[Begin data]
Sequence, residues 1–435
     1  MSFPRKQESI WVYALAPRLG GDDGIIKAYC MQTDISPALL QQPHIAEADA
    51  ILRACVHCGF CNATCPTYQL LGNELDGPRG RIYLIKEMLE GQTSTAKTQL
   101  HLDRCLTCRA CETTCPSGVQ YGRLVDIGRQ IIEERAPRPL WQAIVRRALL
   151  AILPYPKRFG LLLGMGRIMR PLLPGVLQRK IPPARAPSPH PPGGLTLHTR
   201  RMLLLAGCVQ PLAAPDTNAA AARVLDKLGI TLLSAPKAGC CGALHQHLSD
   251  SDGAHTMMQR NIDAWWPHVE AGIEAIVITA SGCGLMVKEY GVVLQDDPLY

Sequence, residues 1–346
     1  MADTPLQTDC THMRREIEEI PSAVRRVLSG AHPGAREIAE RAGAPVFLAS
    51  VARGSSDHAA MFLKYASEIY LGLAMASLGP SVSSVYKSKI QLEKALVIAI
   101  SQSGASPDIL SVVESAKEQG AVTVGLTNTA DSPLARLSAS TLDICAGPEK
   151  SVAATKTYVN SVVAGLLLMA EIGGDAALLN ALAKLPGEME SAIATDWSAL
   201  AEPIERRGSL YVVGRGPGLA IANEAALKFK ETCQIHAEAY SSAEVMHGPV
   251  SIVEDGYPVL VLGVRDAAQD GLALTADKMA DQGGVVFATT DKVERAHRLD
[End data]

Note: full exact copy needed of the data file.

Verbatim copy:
Sequence, residues 1–435
     1  MSFPRKQESI WVYALAPRLG GDDGIIKAYC MQTDISPALL QQPHIAEADA
    51  ILRACVHCGF CNATCPTYQL LGNELDGPRG RIYLIKEMLE GQTSTAKTQL
   101  HLDRCLTCRA CETTCPSGVQ YGRLVDIGRQ IIEERAPRPL WQAIVRRALL
   151  AILPYPKRFG LLLGMGRIMR PLLPGVLQRK IPPARAPSPH PPGGLTLHTR
   201  RMLLLAGCVQ PLAAPDTNAA AARVLDKLGI TLLSAPKAGC CGALHQHLSD
   251  SDGAHTMMQR NIDAWWPHVE AGIEAIVITA SGCGLMVKEY GVVLQDDPLY

Sequence, residues 1–346
     1  MADTPLQTDC THMRREIEEI PSAVRRVLSG AHPGAREIAE RAGAPVFLAS
    51  VARGSSDHAA MFLKYASEIY LGLAMASLGP SVSSVYKSKI QLEKALVIAI
   101  SQSGASPDIL SVVESAKEQG AVTVGLTNTA DSPLARLSAS TLDICAGPEK
   151  SVAATKTYVN SVVAGLLLMA EIGGDAALLN ALAKLPGEME SAIATDWSAL
   201  AEPIERRGSL YVVGRGPGLA IANEAALKFK ETCQIHAEAY SSAEVMHGPV
   251  SIVEDGYPVL VLGVRDAAQD GLALTADKMA DQGGVVFATT DKVERAHRLD